Atlas of foodborne infections
transmitted by contaminated food and water

Atlas of Patogens Contents Information sources Glossary Administration

Taenia

CZ: tasemnice
EN: tapeworm

Occurrence:
Meat and Meat Products
Fruits and Vegetables
Water and Beverages
Delicatessen


Category:
Parasites


Foodborne Disease:
Untitled document

taeniosis - infection caused by adult-stage of tapeworms, sometimes without symptoms; abdominal pain, weight loss, digestive disturbances, and possible intestinal obstruction

cysticercosis - infection caused by the larval-stage of the tapeworm involves central nervous system, heart or eyes


Description:
Untitled document

Taenia saginata (beef tapeworm) and Taenia solium (pork tapeworm) are parasitic worms (helminths).
Taeniosis is the name of the intestinal infection caused by adult-stage tapeworms (beef or pork tapeworms).
Cysticercosis is the name of the tissue (other than intestinal) infection caused by the larval-stage of the pork tapeworm only.

It is interesting to note that humans are the definitive hosts of both organisms. This means that the reproductive cycle, and thus egg production by the organisms, occurs only within humans. Eggs are passed in human faeces and they may be shed into the environment for as long as the worms remain in the intestines (for as long as 30 years). In addition, the eggs may remain viable in the environment for many months.

These diseases are more prevalent in underdeveloped countries where sanitation practices may be substandard and in areas where pork and beef are consumed raw or undercooked. Most cases of infection with adult worms are without symptoms. Some persons may experience abdominal pain, weight loss, digestive disturbances, and possible intestinal obstruction. Irritation of the peri-anal area can occur, caused by worms or worm segments exiting the anus.

T. saginata (beef tapeworm) infections appear within 10 to 14 weeks. T. solium (pork tapeworm) infections appear within 8 to 12 weeks, worm eggs hatch and the larvae then migrate to various parts of the body and form cysts called cysticerci. This can be a serious or fatal disease if it involves organs such as the central nervous system, heart, or eyes.

Taeniosis may last many years without medical treatment. Persons with weakened immune systems including those with HIV/AIDS nfection, organ transplant recipients, or those individuals undergoing chemotherapy may be at greater risk for infection. Best prevention is to cook beef and pork to 70°C to kill encysted tapeworm larvae that may be present.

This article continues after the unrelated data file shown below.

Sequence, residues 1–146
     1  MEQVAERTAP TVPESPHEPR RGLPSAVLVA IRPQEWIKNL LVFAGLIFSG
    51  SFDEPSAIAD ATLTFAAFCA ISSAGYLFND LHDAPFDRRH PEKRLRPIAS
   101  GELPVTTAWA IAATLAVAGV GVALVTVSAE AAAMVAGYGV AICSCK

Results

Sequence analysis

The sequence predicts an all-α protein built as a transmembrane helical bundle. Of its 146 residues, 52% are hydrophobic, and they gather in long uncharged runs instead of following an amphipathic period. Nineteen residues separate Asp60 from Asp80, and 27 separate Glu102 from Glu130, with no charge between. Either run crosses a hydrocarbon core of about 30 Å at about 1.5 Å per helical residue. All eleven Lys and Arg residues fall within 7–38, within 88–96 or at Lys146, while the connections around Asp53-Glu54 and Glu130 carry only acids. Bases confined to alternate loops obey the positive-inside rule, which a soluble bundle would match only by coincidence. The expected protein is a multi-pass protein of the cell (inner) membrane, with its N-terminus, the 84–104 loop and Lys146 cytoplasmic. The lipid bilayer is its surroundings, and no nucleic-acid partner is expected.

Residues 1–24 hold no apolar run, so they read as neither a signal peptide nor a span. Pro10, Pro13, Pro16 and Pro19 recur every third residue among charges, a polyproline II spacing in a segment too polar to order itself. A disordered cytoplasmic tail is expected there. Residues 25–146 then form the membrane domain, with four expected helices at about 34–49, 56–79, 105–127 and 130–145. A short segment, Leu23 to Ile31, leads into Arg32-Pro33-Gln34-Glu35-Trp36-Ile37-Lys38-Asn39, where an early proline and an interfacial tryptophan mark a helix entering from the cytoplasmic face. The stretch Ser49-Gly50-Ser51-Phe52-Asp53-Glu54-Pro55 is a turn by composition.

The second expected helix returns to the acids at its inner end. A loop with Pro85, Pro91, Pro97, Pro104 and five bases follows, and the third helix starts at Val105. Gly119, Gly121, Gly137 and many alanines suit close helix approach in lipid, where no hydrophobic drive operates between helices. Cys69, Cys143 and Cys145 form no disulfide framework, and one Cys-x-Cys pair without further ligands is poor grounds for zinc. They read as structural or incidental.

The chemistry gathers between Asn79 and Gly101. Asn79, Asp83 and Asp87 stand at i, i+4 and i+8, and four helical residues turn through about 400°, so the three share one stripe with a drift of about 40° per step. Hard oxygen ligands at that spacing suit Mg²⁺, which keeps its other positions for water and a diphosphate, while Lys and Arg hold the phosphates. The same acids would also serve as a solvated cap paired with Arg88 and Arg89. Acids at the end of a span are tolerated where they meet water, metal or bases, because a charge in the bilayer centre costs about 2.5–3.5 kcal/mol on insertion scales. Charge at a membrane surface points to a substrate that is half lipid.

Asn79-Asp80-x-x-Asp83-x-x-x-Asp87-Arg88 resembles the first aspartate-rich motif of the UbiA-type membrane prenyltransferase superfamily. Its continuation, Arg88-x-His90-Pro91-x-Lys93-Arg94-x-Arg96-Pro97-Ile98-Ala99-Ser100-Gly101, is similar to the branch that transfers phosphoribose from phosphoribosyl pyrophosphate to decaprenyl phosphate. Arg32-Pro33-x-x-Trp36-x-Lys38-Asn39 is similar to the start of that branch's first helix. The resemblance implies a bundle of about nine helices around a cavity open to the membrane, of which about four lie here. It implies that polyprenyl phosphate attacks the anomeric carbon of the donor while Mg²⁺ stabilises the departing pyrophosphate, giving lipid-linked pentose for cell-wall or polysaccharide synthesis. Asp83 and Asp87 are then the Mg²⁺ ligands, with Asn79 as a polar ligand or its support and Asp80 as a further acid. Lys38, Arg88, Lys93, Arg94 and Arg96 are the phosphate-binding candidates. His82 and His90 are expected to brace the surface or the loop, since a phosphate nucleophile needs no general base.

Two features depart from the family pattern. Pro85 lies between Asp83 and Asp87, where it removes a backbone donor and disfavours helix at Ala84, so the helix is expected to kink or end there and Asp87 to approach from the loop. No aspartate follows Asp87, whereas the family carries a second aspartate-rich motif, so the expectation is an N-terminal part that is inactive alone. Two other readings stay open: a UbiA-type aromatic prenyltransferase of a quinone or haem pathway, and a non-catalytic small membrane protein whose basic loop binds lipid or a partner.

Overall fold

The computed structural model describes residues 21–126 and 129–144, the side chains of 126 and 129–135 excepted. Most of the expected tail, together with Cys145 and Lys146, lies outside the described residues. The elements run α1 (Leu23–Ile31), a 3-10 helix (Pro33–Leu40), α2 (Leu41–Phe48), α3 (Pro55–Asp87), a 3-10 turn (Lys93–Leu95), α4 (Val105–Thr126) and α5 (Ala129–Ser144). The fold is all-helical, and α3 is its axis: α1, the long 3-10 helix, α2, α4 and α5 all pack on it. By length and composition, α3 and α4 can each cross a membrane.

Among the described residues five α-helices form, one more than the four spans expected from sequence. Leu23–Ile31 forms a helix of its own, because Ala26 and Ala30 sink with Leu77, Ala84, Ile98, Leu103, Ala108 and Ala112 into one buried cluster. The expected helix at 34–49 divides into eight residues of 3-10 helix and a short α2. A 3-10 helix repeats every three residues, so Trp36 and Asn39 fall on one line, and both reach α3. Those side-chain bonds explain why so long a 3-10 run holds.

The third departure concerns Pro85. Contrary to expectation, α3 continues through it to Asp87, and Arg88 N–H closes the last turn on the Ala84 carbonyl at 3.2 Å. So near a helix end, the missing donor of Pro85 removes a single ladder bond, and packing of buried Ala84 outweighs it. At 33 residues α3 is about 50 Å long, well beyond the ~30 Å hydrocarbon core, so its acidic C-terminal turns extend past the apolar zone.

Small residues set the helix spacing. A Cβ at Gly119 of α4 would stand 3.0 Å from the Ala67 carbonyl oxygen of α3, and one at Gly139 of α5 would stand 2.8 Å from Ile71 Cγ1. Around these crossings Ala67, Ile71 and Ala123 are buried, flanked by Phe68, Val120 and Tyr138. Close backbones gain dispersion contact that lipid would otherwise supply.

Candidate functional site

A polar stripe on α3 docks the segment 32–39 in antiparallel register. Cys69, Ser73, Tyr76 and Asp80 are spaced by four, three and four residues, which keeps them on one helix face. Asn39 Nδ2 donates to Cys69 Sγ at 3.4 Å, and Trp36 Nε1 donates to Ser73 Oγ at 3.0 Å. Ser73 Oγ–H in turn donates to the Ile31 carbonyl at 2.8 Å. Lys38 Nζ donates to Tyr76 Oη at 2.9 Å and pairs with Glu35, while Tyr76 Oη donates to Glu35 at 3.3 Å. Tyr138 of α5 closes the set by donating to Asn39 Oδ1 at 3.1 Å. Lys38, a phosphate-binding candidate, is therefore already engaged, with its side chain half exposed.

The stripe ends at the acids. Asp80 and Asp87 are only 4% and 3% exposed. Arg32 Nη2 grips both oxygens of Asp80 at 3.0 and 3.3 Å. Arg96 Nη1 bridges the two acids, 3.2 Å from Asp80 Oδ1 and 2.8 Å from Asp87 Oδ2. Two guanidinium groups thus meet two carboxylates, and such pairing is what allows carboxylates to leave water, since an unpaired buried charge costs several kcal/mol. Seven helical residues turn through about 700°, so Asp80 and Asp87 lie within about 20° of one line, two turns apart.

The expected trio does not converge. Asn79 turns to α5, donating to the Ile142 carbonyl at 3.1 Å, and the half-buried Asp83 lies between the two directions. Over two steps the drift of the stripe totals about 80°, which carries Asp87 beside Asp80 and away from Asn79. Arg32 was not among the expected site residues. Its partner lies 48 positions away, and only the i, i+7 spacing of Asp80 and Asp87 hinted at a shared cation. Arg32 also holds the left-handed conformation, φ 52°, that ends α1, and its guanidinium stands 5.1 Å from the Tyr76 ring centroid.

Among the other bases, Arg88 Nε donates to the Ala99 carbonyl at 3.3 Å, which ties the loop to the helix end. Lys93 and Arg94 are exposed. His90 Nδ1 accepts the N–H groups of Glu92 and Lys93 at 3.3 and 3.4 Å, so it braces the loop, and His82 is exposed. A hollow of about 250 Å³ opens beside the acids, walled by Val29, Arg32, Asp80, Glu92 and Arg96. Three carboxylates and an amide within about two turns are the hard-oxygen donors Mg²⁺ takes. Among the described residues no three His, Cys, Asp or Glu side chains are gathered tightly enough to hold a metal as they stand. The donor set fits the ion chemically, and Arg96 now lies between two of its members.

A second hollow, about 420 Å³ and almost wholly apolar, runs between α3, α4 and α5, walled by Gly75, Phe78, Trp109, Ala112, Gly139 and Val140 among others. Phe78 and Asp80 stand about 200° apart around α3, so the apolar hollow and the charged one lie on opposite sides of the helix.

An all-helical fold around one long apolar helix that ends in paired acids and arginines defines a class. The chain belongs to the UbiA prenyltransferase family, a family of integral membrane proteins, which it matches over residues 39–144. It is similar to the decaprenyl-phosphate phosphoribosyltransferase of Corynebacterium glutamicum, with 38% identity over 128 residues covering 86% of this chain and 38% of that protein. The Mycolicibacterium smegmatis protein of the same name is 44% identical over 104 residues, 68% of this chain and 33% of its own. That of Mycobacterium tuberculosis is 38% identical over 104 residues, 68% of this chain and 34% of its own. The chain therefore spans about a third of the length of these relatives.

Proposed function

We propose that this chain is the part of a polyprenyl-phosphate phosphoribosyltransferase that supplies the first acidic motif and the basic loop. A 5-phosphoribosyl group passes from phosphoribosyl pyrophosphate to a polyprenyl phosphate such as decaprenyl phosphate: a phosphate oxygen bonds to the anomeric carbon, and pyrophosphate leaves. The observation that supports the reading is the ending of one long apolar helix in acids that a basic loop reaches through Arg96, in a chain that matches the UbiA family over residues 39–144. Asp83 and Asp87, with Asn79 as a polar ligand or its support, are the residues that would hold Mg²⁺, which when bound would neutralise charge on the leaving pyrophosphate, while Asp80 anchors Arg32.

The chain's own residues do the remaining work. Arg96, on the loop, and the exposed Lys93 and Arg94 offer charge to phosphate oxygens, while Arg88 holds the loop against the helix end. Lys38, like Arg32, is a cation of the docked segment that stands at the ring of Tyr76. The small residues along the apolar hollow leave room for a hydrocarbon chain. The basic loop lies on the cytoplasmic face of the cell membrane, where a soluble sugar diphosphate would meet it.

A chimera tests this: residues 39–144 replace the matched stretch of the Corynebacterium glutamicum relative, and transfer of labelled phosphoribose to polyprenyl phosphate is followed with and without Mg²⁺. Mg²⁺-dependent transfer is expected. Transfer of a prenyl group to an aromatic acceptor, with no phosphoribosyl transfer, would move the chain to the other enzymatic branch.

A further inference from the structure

Cysticercosis
People get cysticercosis the following ways: contaminated with the eggs of T. solium (pork tapeworm), by consuming food or water, by putting anything into your mouth that has touched the stool of a person infected with T. solium. Symptoms may vary depending on the organ or organ system involved. For example, an individual with cysticercocis involving the central nervous system (neurocysticercosis) may exhibit neurological symptoms such as psychiatric problems or epileptic seizures.
Death is common. Symptoms usually appear from several weeks to several years after becoming infected with the eggs of the pork tapeworm (T. solium). Symptoms may last for many years if medical treatment is not received.

Persons travelling to countries where sanitation may be substandard and the water supply may be unsafe. Persons with weakened immune systems including those with HIV/AIDS infection, organ transplant recipients, or those individuals undergoing chemotherapy may be at a greater risk for infection.

Prevention: Drink water only from treated municipal water supplies, when travelling to countries either avoid the water or boil it for 1 minute to kill parasite eggs, drinking bottled beverages or hot coffee and tea are safe alternatives, do not swallow water while swimming,  do not swim in community swimming pools if you or your children are infected with tapeworms,  wash, peel, or cook raw fruits and vegetables before eating, make sure that infected individuals wash their hands frequently to reduce the spread of infection.


Pictures:

Taenia
Source: Adult tapeworm Taenia saginata - humans are final hosts
Taenia
Source: Cysticerci digested free of cow tissue-protoscoleces have everted
Taenia
Source: Different types of intermediate stages
Taenia
Source: Egg of genus Taenia in feces after flotation technique
Taenia
Source: Life cycle of genus Taenia
Teania
Source: T. saginata - detail of proglotids

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